She’s joined by vocals from Lemi, her bandmate Bella, her brother and her mum. On some tracks, like ‘A Grip’, they form a warm counterpoint to the track’s haunting first half. ‘Carpenter’ uses a similar approach, but this time you can feel Ellen’s agitation as the song progresses.

Vera Ellen in her bedroom in Mount Victoria, Wellington.

Vera Ellen in her bedroom in Mount Victoria, Wellington. Photo: Tony Stamp

Back at her home near Mt Victoria, in a flat she shares with six other people, I ask about the candid recordings of children that appear throughout Ideal Home Noise.

“Those are all my nieces and nephews, who I also had running through It’s Your Birthday. Every time I got into those dark spaces, they were these little beacons of light that would shine through, and be like, we need you.”

She has more family here (both parents, two older sisters, one older brother, a foster sister, and a niece two years younger than her who feels like a sister). They are mentioned, as well as having one bedroom and a consistent band, as essential to good mental health.

When It’s Your Birthday came out, Ellen said at the time that she felt exposed by having it out in the world. Ideal Home Noise is much more revealing, she says.

“I think this is much more intimate in exposing darker elements of myself that I don’t share with people generally. On It’s Your Birthday I was singing about romance and things I might talk to friends or family about, but this is way more personal.

“I think I’ve always written that kind of way. So far there hasn’t been any major backlash. Maybe one day I’ll slip up and get a bit too specific.

“But I think there’s a point where you have to risk that in favour of authenticity. I’ve tried to cloud things and make them more vague, and you just lose it. You have to be honest.”

There are two battling voices throughout Ideal Home Noise. One is “this part of you that really wants to push through, and really wants to see the best in everything and everyone, and in yourself,” and the other is “a bit destructive, and wants to mess you up, and pull you into a dark space.”

The sequencing of the album “was thought about thematically a lot”.

Track one is called called ‘Imposter’ (“I felt like I was getting away with something through everyone perceiving me as normal,” Ellen says), then over the course of the album mentions of money segue into mentions of booze, and eventually, those suicidal impulses. Crucially though, ‘Broadway Junction’ is followed by “Stick Around 2 See”, the final track.

“I feel like the term ‘stick around to see another day’ was what I really needed to hear at the time. Like, can you just do one more day? Can you wait one more day? Anything can happen in one day. Anything can change in one day.

“I was having a lot of health issues, I think that’s important to mention. When you don’t feel in control of your body, you can feel like a burden on people. And it’s really hard as an independent person to ask for help or assistance.”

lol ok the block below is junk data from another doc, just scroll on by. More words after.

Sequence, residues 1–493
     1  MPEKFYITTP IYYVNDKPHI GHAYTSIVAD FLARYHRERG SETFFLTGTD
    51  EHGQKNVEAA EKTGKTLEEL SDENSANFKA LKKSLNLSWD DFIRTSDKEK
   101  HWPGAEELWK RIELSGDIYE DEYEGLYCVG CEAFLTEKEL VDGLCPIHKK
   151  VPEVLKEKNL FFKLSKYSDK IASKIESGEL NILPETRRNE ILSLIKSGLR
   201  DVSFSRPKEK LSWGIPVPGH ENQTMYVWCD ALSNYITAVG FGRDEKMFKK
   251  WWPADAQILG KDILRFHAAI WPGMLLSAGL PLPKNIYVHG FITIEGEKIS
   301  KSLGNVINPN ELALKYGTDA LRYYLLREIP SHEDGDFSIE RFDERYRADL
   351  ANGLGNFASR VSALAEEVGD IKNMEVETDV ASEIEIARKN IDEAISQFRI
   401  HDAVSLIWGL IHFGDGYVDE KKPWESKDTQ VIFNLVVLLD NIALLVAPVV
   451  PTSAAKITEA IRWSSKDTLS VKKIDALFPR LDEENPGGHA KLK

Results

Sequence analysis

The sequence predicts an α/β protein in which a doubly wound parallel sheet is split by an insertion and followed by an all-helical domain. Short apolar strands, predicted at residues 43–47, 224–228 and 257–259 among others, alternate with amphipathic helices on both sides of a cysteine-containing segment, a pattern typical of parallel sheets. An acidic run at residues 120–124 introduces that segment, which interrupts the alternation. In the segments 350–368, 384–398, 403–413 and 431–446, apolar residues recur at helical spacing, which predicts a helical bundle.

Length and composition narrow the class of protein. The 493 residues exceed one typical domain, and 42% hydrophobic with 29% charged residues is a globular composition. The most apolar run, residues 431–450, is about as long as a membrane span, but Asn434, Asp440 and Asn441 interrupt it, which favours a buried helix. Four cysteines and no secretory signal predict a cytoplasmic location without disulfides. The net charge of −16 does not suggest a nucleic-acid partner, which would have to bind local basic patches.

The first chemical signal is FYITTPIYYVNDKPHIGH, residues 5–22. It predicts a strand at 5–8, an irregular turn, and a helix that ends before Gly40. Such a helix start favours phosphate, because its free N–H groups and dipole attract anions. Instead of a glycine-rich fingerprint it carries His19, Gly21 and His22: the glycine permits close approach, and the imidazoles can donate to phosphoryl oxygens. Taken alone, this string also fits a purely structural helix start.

Ellen suffers from postural orthostatic tachycardia syndrome, a disorder of the autonomic nervous system. By the end of a 2019 American tour supporting The Beths she “couldn’t walk from one end of the room to the other without feeling really dizzy”, then in 2021 suffered a seizure and wound up in hospital.

“I was not well, but I was not able to express that. I think that tied into all the mental health things.”

Vera Ellen's guitar and Fender amp.

Vera Ellen's guitar and Fender amp. Photo: Tony Stamp

Returning home was integral to her recovery, she says.

“I think coming back here and setting up, and having time alone to rediscover who I was, but also [to] rediscover how much love I had in my life, through my family and people I’d grown up with, and just how much people here were willing to give me for nothing in return.

“People just wanting to help you because they love you, it’s such an eye-opening experience.”

She says ‘Broadway Junction’ is still very difficult to perform live, but it’s also one of the songs that gets the most response. Ideal Home Noise is a record of a very bad year in Ellen’s life, but she’s met it head-on with humour, and remarkably clear-eyed songwriting. It is by turns wry, and sometimes angry, but the overall effect is buoyant and celebratory.

“What I hope someone gets from the album is that life can be really difficult at points, but I think it’s really important to see that there is another side. And it’s always worth sticking around to see.

“The amount of love and support I’ve received in the past year, sometimes I feel so overwhelmed with gratitude and joy and happiness that I have so many amazing, beautiful people in my life. It’s incredible how much can change in such a short amount of time.” 

Where to get help:

  • Need to Talk? Free call or text 1737 any time to speak to a trained counsellor, for any reason.

  • Lifeline: 0800 543 354 or text HELP to 4357

  • Suicide Crisis Helpline: 0508 828 865 / 0508 TAUTOKO (24/7). This is a service for people who may be thinking about suicide, or those who are concerned about family or friends.

  • Depression Helpline: 0800 111 757 (24/7) or text 4202

  • Samaritans: 0800 726 666 (24/7)

  • Youthline: 0800 376 633 (24/7) or free text 234 (8am-12am), or email talk@youthline.co.nz

  • What's Up: online chat (3pm-10pm) or 0800 WHATSUP / 0800 9428 787 helpline (12pm-10pm weekdays, 3pm-11pm weekends)

  • Kidsline (ages 5-18): 0800 543 754 (24/7)

  • Rural Support Trust Helpline: 0800 787 254

  • Healthline: 0800 611 116

  • Rainbow Youth: (09) 376 4155